Today I’ll be explaining the ending of No One Gets Out Alive, or at least attempting to.
To be honest, No One Gets Out Alive has a pretty straight forward ending. There is a slight twist but it is more of a wink to the audience than a crucial plot point.
I probably don’t need to say this but this article will contain spoilers. I assume you are reading this after watching the movie and slapping “No One Gets Out Alive Ending Explained” into Google but it is still worth me mentioning.
If you haven’t checked out our review of No One Gets Out Alive, you can do so at the link. See whether my view matches up with your own and grumble under your breath about how much of a dunce I am if it doesn’t.
No One Gets Out Alive Ending
So during the events of No One Gets Out Alive, we see Red gathering up victims for his brother to sacrifice to a box or, more specifically, a monster inside of a box.
The box apparently has an ability to heal ailments for the person who brings sacrifices to it and, in turn, said person becomes obsessed with the box. Makes sense, there is a mutually beneficial relationship between the box and the person who feeds the box. The box heals the person, the person becomes obsessed and so they do whatever they can to please the box, in this case, bringing human victims to the box.
If we recall, earlier in the movie Red alludes to the fact that his brother is sick and, due to his brother protecting him as a child, it’s Red’s turn to repay the favour. We can interpret this in one of two ways. Either he is sick mentally and hurting women, or he is physically sick and he needs to sacrifice women to the box to keep himself alive and healthy. I think the latter is the likely explanation, Becker is ill and the box is healing him due to the sacrifices he is making to the box.
Red’s way of repaying the favour to Becker is to help him find sacrifices for the box. Red rents out rooms at the converted house to young, single, transient girls and the girls are, in turn, taken to the basement, tied to a table, and seemingly consumed by the monster in the box.
As long as Becker sacrifices women to the box he will stay well. It’s made apparent from the various apparitions that Ambar encounters that he has sacrificed a lot of women over the years.
Ambar Fights Back
Everything that happens during the final scenes of No One Gets Out Alive is pretty self explanatory. I will point out, however, for anyone who was confused; the scene of Ambar’s uncle rescuing her was a fantasy and did not actually happen. The uncle was dead on the stairs the whole time.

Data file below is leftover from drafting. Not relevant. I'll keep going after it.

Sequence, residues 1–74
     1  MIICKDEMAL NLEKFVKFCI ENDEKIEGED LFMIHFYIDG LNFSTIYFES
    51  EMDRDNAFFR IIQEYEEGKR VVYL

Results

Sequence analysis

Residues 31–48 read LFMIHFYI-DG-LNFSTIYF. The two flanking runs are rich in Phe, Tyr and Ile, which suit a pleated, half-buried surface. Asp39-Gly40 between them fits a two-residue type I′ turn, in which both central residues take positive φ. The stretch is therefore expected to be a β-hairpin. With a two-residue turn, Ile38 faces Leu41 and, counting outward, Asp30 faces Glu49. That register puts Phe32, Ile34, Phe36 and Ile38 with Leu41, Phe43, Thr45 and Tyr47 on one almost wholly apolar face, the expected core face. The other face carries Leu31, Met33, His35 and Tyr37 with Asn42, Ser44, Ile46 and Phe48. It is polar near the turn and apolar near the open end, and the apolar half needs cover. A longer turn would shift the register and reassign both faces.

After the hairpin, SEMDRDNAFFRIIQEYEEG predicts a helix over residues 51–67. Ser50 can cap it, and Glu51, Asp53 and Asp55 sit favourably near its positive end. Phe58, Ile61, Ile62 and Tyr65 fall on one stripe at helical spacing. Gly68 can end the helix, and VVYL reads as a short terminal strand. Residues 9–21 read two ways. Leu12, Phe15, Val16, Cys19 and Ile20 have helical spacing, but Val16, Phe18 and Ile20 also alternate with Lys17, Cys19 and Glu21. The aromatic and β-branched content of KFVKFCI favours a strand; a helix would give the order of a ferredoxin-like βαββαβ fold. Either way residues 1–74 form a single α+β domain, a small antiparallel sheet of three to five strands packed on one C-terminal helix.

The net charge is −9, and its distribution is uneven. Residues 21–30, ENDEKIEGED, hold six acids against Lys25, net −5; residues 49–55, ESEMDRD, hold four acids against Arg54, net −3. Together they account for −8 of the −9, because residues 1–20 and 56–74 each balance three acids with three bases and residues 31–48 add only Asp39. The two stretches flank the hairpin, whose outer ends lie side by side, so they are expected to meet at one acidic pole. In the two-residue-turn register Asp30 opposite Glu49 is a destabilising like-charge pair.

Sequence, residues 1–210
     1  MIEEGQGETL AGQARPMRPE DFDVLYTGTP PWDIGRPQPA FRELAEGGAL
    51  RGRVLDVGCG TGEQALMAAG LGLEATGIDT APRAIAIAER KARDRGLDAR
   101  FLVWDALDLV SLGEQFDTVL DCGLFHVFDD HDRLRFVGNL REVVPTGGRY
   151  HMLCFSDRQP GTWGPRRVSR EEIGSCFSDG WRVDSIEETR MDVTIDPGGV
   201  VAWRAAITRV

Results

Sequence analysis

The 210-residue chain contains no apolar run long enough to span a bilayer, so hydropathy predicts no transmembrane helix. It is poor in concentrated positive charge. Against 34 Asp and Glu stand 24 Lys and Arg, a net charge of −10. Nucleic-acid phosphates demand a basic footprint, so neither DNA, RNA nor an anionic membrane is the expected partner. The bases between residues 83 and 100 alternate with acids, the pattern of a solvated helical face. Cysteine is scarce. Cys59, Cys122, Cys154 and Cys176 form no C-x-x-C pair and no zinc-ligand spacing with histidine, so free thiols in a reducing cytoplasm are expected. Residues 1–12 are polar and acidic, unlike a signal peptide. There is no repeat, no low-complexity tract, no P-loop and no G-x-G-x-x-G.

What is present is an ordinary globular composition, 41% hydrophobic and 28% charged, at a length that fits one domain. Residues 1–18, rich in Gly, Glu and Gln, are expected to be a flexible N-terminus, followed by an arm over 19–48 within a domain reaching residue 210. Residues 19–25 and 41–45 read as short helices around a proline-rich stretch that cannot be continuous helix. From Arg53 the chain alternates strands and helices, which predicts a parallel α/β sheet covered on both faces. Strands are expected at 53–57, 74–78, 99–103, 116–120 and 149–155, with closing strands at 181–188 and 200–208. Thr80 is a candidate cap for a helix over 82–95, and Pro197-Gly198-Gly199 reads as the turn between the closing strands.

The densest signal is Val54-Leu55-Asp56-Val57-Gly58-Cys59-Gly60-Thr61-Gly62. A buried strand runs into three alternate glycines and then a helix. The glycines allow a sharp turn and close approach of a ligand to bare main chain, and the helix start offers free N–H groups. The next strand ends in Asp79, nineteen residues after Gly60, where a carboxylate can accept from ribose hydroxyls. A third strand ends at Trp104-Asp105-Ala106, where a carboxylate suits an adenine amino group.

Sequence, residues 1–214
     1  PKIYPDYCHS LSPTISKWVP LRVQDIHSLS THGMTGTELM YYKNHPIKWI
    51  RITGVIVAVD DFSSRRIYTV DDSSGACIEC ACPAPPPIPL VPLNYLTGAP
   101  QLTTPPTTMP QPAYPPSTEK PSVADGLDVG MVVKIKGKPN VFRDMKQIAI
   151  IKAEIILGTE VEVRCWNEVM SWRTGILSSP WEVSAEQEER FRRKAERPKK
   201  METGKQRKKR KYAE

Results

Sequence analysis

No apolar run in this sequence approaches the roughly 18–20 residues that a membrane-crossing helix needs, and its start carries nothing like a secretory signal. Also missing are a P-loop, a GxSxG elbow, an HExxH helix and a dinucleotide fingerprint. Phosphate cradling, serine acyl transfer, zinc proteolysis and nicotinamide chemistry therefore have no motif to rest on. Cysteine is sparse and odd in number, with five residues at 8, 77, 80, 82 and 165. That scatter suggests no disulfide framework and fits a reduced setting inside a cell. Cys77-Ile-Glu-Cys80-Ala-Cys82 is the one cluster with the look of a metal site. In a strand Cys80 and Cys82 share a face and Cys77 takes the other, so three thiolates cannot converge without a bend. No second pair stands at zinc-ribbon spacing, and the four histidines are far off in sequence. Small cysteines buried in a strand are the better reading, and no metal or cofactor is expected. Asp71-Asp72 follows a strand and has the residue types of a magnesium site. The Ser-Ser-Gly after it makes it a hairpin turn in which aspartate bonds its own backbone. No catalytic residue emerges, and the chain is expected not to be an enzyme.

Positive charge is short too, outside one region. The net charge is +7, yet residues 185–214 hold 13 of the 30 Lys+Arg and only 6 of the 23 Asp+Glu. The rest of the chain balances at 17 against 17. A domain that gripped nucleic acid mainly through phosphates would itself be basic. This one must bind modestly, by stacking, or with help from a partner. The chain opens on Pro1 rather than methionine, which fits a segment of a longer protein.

The brothers attempt to sacrifice Ambar to the box, along with a couple of other girls, Ambar manages to escape, knocks Red unconscious and kills Becker. In the process of doing this, Ambar has her leg snapped.
Ambar takes Red to the basement and straps him to the table next to the box. I suppose we have to ignore for a minute the fact that an average sized woman would have a hard time dragging around a full grown man if they had two functioning legs, let alone one that was snapped at the ankle. The monster comes out of the box and consumes Red’s head.
This is where the twist comes in. As Ambar is walking away, about to leave the house, her leg suddenly heals. She turns around and apparently chooses not to leave the house.
A New Obsession
It is pretty clear from this ending that the monster in the box has now chosen Ambar as the next person to bring sacrifices to it. Ambar is healed, as is one of the benefits of the box, and she immediately becomes obsessed with it. This indicates that the likely conclusion is that Ambar will now bring new victims to the box and continue the cycle.
Does this set up a sequel? Probably not, it just seems like a little wink to the audience. Horror movies like to be a little cheesy and this seems to be the case here.
A Few Questions
There’s obviously a few questions left here. Why didn’t the box heal Becker would be a good place to start? Sure Ambar messed him up but the box can unbreak a leg so why not unsmash a skull? Actually, maybe that would be too much to ask.
Another good question would be why were all the victims female? The monster happily consumes Red at the end. It will clearly take victims of any kind. So why only women?
Well, you could suggest that young women would make easier targets than full grown men. I don’t think it is this, however. I would actually suggest the creators thought it would be easier to present women as victims and as disposable with the added bonus that violence against women resonates more. This isn’t a positive thing. No One Gets Out Alive indulges in its violence towards women, I doubt there is a message there, it’s just an unfortunate way that some movies like to present things.
The scene with Petra being thrown off the staircase, for example, was gratuitous and needless. The only non-antagonist male killed in the movie is killed off screen with no graphic violence. There may be nothing behind this but when you line these things up together it isn’t a good look. It’s also worth noting that said male was not fed to the monster for whatever reason? I guess they have to be alive.
Yes, I get it, this is a horror and it is kind of senseless to complain but when a movie presents things in this way it starts to look a little strange. Especially when the female protagonist essentially becomes a villain in the final scene.
When all is said and done, this was a basic, by the numbers horror movie with a basic, by the numbers ending. Ambar escaped from the basement, killed Becker, knocked Red unconscious, dragged him to the basement, fed him to the monster in the box and, in turn, was healed by, and became obsessed with, the box. Ambar will now bring sacrifices to the box either setting up a sequel or just winking to the audience. Thanks for reading.